We used to identify ourselves by talking about where we were from, who our ancestors were and what they did. Today we identify ourselves by sharing our intentions for the future. While the past is still significant we do not allow it to define or limit us. We understand ourselves as always becoming, a creation in progress as we move into the open future.
This fast-moving, deeply interconnected urban world we all live in is unrelenting in its demands upon us. We are challenged to find ways to stay healthy and to navigate this demanding world.
Our Common Mood– the secular revolution (Link to lecture)
Throughout history we encountered the ultimate mystery of existence by looking outward to the unseen edges of our existence. Such encounters were extra-ordinary and beyond the mundane. Today much of our world that was unexplainable and mysterious has become knowledgeable and mundane. Today the mystery does not impinge our existence at the edge but rather at the center of existence.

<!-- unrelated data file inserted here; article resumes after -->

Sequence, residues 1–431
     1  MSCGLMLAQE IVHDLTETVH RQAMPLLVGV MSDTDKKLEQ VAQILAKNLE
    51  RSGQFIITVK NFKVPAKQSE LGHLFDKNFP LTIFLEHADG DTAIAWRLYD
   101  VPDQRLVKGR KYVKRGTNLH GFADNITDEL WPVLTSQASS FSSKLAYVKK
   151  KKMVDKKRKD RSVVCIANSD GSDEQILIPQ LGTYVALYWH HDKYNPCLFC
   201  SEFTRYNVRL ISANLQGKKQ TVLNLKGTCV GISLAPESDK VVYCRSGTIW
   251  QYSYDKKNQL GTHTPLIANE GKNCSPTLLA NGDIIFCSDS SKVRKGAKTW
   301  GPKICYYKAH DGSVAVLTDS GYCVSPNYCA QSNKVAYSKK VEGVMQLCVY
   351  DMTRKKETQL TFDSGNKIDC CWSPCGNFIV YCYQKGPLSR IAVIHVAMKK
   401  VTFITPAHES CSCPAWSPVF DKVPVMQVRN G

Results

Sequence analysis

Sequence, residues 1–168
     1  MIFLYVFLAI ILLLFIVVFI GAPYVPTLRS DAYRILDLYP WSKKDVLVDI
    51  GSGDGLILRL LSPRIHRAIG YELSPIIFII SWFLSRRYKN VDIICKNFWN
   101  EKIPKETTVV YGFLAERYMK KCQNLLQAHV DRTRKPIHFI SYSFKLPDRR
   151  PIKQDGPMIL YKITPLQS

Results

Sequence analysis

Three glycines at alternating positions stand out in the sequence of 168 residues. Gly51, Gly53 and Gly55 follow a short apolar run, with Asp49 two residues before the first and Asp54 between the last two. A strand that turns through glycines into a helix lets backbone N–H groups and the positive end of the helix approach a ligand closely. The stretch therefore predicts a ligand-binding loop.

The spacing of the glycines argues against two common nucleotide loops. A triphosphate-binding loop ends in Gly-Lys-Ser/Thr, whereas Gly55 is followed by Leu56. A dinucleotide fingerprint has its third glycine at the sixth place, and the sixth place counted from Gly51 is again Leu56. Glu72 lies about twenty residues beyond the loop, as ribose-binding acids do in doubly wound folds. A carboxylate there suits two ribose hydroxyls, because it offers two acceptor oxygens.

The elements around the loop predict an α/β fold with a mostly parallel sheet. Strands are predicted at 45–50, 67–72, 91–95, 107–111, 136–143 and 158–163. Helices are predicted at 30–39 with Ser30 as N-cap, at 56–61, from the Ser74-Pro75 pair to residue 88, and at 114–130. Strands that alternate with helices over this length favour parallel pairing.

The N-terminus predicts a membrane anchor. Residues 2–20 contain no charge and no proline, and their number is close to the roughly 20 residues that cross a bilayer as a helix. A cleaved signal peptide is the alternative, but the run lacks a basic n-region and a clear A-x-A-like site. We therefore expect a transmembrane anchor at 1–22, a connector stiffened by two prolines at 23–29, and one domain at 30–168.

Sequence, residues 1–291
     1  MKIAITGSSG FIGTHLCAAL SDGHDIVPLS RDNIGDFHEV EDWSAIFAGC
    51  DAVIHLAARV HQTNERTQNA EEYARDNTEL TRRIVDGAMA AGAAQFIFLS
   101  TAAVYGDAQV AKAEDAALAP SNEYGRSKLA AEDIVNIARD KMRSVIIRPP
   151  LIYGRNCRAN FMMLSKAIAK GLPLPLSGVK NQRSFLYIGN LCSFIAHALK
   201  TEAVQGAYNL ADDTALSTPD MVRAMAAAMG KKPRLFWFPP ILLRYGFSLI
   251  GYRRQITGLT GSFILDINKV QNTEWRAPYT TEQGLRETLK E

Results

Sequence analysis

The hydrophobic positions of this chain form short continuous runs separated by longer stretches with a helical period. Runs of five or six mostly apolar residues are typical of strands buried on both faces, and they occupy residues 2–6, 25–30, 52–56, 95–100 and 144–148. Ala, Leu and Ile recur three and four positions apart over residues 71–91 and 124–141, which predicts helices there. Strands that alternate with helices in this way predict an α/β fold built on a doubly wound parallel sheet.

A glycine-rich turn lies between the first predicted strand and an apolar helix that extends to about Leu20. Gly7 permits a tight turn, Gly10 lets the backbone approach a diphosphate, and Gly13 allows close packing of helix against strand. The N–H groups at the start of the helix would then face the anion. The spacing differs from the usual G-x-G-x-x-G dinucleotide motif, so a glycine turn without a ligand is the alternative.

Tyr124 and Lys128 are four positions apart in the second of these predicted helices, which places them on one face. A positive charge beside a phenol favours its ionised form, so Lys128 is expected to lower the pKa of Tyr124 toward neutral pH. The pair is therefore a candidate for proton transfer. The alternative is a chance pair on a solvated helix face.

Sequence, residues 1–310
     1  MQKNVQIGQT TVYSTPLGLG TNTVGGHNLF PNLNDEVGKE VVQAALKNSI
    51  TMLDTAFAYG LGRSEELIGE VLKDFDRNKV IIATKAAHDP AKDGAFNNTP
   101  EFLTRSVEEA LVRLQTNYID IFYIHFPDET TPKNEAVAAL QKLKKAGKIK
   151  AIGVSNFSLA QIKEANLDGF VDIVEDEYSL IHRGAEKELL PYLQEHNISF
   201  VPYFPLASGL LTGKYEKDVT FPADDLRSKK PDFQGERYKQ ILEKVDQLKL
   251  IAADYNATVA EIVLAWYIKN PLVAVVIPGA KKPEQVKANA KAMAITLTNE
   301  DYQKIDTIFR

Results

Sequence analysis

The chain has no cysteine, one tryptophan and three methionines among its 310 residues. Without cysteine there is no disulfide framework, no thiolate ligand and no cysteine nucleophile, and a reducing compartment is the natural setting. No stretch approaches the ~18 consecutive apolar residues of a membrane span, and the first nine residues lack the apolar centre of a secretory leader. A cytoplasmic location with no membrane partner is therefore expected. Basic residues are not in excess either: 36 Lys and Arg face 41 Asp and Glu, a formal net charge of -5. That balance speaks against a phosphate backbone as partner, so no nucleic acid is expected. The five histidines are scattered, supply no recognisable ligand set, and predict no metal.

The awe-filled encounter with the ultimate mystery always demands a response. For ages the response was to search for an eternal pattern or fixed moral code that we could follow. Today we know that we, ourselves, must create that pattern or moral code. We decide what is necessary and devise the code which guides us.
In the past we struggled to appease the natural, hereditary and psychological powers that we believed controlled our lives. Today we know that we are defined by the relationships we find ourselves in and that we decide our response to them thus shaping the course of our life. We create our destiny.
In the past the foundation of our decisions was always external. It might have been religious principles, society’s laws, tradition and customs, or other proven wisdom and authority. Today we know that the only foundation is the foundation of the authenticity of our own life experience. We struggle to know as fully as possible the reality we are living. We decide our own answers in the most comprehensive context we can discern and then risk acting, taking responsibility for the consequences or our actions.